The 1960 brings about a resurgence of the appreciation of monsters and thriller films but Karloff moves back to England. There he brings about the series THRILLER, and it becomes highly successful and, some say, ahead of its time. Roger Corman brings him to his film THE RAVEN, followed by THE TERROR.  In 1966, he embraced story of HOW THE GRINCH STOLE CHRISTMAS with more success with a voice that embraced the character.

THE SOCERERS in 1967 followed by TARGETS in 1968 going from horror by following a wife to horror of a real life rounds out amazing performances. There were only 8 more performances for Karloff, but the final would be on the Red Skelton Show performing with Vincent Price.

Because the show must always go on!

SHOUT! Factory has grown into a tremendous multi-platform media company. Releasing new animated features such as the exquisite Long Way North, and the epic fantasy Beauty and The Beast. Also, their own original horror film, Fender Bender gives fans a good scare. For more of what SHOUT Factor has to offer please visit

Abramorama is the preeminent global theatrical distributions and rights partner for many documentary and music films and is recognized for the consistent high quality of its work on award winning features. Over the course of 20 years, Abramorama has successfully distributed and marketed hundreds of films including Ron Howard’s Grammy Award Winning THE BEATLES: EIGHT DAYS A WEEK, Stanley Nelson’s MILES DAVIS: BIRTH OF THE COOL, as well as Academy Award Nominee and IDA Best Documentary Winner THE LOOK OF SILENCE. For more of what they have to offer please visit

Cameos include Guillermo del Toro,Sir Christopher Frayling, Dick Miller, Jack Hill, Christopher Plummer, Orson Bean, David J. Skal, Sara Karloff, Leonard Maltin, Roger Corman, Thomas Hamilton, Cortlandt Hull, Ian Ogilvy, MJaymz Bee, Mark Voger, Gregory Mank, Ron Perlman, Kevin Brownlow, Bernie Coleman, Jacobs, Joe Dante, Peter Bogdonovich and narrator Paul Ryan.

BORIS KARLOFF: The Man Behind the Monster is an amazing documentary giving us the story of a man who shared so much in the way of entertainment. My favorite days of the week were Friday and Saturday nights because I was allowed to stay up late and watch ‘scary movies’ with my older brother.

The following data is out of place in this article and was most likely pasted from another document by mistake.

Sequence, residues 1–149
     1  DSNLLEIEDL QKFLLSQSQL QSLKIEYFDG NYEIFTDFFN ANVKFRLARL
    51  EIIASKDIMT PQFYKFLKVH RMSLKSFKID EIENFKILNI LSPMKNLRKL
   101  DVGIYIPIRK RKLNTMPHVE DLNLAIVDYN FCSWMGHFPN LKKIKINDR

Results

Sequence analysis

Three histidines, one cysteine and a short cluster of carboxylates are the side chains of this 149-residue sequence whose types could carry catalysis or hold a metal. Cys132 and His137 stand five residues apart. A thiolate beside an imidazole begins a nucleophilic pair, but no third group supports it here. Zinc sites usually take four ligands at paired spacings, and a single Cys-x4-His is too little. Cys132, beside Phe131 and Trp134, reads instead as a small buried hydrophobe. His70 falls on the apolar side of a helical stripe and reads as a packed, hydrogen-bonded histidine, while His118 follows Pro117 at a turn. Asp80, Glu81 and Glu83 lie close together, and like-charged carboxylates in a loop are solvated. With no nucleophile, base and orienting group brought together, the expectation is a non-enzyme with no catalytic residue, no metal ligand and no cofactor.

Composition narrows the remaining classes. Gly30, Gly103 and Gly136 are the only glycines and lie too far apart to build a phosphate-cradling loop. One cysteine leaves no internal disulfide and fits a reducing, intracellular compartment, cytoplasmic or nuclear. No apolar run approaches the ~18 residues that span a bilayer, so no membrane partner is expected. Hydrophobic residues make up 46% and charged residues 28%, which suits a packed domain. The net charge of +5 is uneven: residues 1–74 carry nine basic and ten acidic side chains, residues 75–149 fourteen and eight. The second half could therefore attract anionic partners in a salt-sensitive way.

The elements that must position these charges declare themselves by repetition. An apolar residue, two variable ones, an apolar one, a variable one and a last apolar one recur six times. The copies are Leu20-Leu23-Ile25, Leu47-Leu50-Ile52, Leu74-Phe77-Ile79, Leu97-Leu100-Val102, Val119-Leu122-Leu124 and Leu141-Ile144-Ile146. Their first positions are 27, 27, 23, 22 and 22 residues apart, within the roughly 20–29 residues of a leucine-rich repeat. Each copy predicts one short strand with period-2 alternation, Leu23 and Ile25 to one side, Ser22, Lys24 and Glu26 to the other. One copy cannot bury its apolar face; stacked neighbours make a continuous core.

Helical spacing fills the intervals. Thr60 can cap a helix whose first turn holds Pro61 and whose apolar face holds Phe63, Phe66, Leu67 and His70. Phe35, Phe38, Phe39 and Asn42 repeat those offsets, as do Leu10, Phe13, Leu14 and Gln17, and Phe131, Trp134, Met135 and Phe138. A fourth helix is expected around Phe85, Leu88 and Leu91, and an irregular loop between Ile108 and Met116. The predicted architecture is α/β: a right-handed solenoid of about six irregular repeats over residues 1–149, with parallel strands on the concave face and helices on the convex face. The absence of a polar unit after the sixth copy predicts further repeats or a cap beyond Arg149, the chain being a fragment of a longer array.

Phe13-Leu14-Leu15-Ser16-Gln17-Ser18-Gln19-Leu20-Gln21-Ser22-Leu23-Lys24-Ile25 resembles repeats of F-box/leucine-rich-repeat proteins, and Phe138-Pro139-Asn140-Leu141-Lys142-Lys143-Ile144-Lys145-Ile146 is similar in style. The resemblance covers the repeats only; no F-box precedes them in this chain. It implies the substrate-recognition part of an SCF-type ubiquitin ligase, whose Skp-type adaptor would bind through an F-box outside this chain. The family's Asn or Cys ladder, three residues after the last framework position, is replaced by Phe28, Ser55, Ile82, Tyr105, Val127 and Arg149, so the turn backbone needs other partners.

Left alone while everyone else went to bed, we would find ourselves binging on the Creature Feature list of films. Screaming into our pillows or covering our eyes, you could be darn sure that Karloff was responsible for a great deal of that to be happening. FRANKENSTEIN was a favorite of mine (brother went for Lugosi which actually makes us laugh now that we know they were friends) and for all of the same reasons those in the documentary talk about.

I saw that character as so misunderstood, naïve and used by everyone around him. Trying to find his place in the world and being held accountable for the actions of others was something I understood coming from a dysfunctional family myself. The sadness swept over me like a repeating tidal wave yet, whenever the film was playing – I had to watch. It was not until I actually saw Karloff on the big silver screen, did I totally lose it in tears. How amazing!

The film explains so much to the generation that embraced his beginnings to the current generation because they too see something special in his performance. The only other Frankenstein I can even watch is Peter Doyle in YOUNG FRANKENSTEIN for obvious reasons. Karloff WAS Frankenstein in every way and not just because of the makeup but because of the true emotions that came through the makeup.

BORIS KARLOFF: The Man Behind the Monster is also a journey down the timetable of his accomplishments and films that I had totally forgotten about. As a fan of “old” movies, I would definetly be up to a Karloff marathon, someone get TCM on the telephone now and demand it in time for the spooky season!

The cameos also give us an insight to the man, his flaws, successes and remembering being told to never give up on his dream. He did not give up and what we are all left with is a stunning collection of characters that will be with us and available to future generations to come.

It is actors such as Karloff that have me continually starring at screens to be swept away and whispering in the dark ‘gawd, I love movies!’.



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About the Author

Jeri Jacquin

Jeri Jacquin covers film, television, DVD/Bluray releases, celebrity interviews, festivals and all things entertainment.